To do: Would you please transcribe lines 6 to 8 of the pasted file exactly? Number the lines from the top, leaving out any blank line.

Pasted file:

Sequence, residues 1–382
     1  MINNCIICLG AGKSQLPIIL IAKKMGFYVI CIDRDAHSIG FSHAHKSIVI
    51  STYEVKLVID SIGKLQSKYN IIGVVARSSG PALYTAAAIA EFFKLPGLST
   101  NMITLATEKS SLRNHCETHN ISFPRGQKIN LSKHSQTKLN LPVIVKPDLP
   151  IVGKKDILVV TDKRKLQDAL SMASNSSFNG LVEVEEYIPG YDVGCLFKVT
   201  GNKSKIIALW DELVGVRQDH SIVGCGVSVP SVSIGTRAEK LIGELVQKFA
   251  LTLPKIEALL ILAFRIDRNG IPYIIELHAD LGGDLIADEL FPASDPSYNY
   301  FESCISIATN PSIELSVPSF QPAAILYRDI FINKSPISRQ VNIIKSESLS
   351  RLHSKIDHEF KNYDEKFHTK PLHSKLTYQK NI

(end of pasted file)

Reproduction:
   201  GNKSKIIALW DELVGVRQDH SIVGCGVSVP SVSIGTRAEK LIGELVQKFA
   251  LTLPKIEALL ILAFRIDRNG IPYIIELHAD LGGDLIADEL FPASDPSYNY
   301  FESCISIATN PSIELSVPSF QPAAILYRDI FINKSPISRQ VNIIKSESLS